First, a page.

By ANDREW MELDRUM
KYIV, Ukraine (AP) -- Ukrainian President Volodymyr Zelenskyy held an emotional meeting Saturday with the families of those who died in a helicopter crash earlier this week.
Zelenskyy spoke with family members of seven of those killed in Wednesday's crash in the Brovary area of Kyiv, the capital city. The helicopter carrying Interior Minister Denys Monastyrskyi and other top officials slammed into a kindergarten building in the residential suburb, killing him and about a dozen other people, including a child on the ground.
Monastyrskyi, who oversaw the country's police and emergency services, was the most senior official killed since Russia invaded Ukraine. His death, along with the rest of his ministry's leadership and the entire helicopter crew, was the second major calamity in four days to befall Ukraine, after a Russian missile struck an apartment building in the southeastern city of Dnipro, killing dozens of civilians.
At the somber service in Kyiv, Zelenskyy and his wife laid flowers on each of the seven coffins draped in the blue and yellow flags of Ukraine. Zelenskyy then spoke briefly with the families, as a small orchestra played a mournful adagio.
The cause of the crash isn't known, but Zelenskyy said earlier that it happened because the country is at war. That view was repeated by Ruslan Stefanchuk, chairman of Ukraine's parliament, speaking after the service.
"All this would not have happened if not for this terrible and undeclared war which the Russian Federation is waging against Ukraine," Stefanchuk said. "Therefore, we must remember this and not forget these people. Because for Ukraine and Ukrainians, every lost life is a great tragedy."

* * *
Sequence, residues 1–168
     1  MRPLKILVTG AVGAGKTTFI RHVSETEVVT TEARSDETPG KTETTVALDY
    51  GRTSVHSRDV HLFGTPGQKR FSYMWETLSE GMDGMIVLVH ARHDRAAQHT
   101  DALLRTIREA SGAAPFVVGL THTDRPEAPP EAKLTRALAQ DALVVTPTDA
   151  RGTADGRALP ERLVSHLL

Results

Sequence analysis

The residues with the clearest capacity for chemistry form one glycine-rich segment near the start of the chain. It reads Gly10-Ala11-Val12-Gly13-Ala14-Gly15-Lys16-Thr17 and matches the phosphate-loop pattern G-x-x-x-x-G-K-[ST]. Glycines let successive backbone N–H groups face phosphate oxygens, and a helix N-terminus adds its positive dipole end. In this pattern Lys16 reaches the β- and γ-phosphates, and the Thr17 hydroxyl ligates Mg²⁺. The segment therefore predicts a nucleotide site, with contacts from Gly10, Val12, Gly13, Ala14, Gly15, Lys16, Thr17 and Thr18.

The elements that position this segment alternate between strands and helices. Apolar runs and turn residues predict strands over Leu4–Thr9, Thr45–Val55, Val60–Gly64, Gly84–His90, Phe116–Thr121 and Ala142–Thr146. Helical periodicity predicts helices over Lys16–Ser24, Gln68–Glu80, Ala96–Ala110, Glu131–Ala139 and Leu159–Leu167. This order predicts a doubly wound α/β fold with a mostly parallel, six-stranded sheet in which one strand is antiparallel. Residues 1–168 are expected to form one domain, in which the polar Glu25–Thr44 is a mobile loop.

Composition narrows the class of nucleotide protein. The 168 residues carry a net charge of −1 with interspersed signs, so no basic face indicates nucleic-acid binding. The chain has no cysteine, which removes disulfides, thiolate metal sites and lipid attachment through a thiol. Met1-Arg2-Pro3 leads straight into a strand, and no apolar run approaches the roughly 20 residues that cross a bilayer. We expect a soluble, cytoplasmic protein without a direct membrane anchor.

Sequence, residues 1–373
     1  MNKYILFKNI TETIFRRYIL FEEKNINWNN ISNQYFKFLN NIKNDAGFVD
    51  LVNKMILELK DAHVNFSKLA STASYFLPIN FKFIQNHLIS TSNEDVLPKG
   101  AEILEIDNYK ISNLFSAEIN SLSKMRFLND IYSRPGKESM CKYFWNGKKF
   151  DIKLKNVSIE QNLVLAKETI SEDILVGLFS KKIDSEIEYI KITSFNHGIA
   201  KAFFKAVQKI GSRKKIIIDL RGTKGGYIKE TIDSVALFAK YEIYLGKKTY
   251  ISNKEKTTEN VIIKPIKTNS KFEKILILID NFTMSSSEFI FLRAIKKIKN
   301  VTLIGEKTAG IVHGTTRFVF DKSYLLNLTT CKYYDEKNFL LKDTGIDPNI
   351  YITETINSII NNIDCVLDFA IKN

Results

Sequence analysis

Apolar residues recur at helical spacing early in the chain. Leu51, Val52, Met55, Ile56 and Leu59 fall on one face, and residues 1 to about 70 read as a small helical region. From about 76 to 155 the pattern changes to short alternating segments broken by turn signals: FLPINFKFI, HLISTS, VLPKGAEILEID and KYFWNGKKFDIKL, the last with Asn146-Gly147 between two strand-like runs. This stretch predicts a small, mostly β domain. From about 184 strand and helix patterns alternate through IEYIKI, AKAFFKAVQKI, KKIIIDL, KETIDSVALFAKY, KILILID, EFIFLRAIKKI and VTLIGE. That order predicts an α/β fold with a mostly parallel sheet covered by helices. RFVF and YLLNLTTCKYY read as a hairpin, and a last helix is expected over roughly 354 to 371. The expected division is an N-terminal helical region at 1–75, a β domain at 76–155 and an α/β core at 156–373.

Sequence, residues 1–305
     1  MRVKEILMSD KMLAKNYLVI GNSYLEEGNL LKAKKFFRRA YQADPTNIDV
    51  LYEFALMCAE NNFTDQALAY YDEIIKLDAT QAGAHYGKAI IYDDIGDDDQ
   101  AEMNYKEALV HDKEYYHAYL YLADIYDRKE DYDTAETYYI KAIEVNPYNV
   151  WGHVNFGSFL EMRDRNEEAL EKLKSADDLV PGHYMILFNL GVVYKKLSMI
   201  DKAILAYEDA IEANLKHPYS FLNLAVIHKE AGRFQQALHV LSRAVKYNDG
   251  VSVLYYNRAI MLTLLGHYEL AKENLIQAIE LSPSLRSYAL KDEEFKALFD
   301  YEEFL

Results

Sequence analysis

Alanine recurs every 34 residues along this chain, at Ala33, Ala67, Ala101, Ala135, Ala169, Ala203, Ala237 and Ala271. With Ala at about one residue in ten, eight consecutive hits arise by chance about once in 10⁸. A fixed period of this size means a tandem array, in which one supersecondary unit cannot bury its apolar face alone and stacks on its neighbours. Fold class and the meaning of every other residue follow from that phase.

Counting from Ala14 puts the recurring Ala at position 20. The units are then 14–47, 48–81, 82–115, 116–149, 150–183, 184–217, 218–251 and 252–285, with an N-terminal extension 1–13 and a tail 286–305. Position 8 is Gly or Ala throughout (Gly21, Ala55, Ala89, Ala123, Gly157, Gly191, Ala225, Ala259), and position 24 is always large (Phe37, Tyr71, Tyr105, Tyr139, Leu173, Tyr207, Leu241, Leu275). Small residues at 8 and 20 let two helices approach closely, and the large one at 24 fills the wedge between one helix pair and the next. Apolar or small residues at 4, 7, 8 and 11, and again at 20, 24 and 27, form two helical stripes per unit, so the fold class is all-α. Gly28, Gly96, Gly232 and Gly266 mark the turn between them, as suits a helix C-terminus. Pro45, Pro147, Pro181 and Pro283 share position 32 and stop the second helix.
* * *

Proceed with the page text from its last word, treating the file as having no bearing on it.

Russia's war in Ukraine, which started nearly a year ago, is "in a state of deadlock," with Ukrainian forces likely achieving small gains in the northeast, near the town of Kreminna, while Russian forces "have likely been reconstituting" in the eastern town of Soledar after taking it earlier in the week, the U.K. defense ministry said Saturday.
"There is a realistic possibility of local Russian advances" around Bakhmut, an eastern city whose capture would give the Kremlin a long-awaited victory after months of battlefield setbacks, the U.K. ministry said.
Fierce battles for Bakhmut have been raging and three civilians were killed by Russian shelling in that area of the eastern Donetsk region, the deputy head of Ukraine's presidential office reported on Saturday morning.
In total, five civilians were killed and 13 wounded by Russian shelling over the past 24 hours in Ukraine's east and south, where active fighting is ongoing, Kyrylo Tymoshenko said in a Telegram post.
Ukrainian forces repelled Russian attacks in Bakhmut and other parts of the country's embattled east overnight, the military said in a Facebook update Saturday morning.
A 60-year-old woman died after Russian shells hit her home in the northeastern Kharkiv region, local Gov. Oleh Syniehubov said in a Telegram update. He added that four other people were wounded in the province.
One woman was also killed in the southern Zaporizhzhia region, where Russian forces launched more than 160 shelling attacks overnight, Gov. Oleksandr Starukh reported in a Telegram post. He said that 21 cities and towns were targeted, and two other civilians sustained injuries.
Russia's defense ministry said that troops conducted an exercise to repel a mock air attack near Moscow. The ministry said the exercise used S-300 mobile surface-to-air batteries, but didn't give a precise location for the drill.
The exercise follows reports from social media that Pantsir S-1 anti-aircraft missiles had been mounted on buildings in central Moscow, including the roof of the riverside defense ministry command center. The ministry hasn't commented.
Russia's air-defense capability has come under question after drones allegedly from Ukraine attacked two air bases deep inside Russian territory.
Follow AP's coverage of the war in Ukraine: https://apnews.com/hub/russia-ukraine